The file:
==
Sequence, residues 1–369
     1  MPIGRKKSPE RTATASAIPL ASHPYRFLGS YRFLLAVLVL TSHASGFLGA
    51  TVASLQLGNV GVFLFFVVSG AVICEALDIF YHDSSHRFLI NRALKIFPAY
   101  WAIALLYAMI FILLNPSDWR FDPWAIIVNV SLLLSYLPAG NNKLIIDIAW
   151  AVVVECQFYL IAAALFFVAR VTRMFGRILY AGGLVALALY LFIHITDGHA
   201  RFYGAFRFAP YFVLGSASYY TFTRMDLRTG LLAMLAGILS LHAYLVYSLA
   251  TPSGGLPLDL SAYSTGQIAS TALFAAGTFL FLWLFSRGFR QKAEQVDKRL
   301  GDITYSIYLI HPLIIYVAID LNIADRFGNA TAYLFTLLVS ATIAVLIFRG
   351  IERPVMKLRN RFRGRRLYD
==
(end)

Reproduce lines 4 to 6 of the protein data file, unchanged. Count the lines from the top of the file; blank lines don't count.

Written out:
   101  WAIALLYAMI FILLNPSDWR FDPWAIIVNV SLLLSYLPAG NNKLIIDIAW
   151  AVVVECQFYL IAAALFFVAR VTRMFGRILY AGGLVALALY LFIHITDGHA
   201  RFYGAFRFAP YFVLGSASYY TFTRMDLRTG LLAMLAGILS LHAYLVYSLA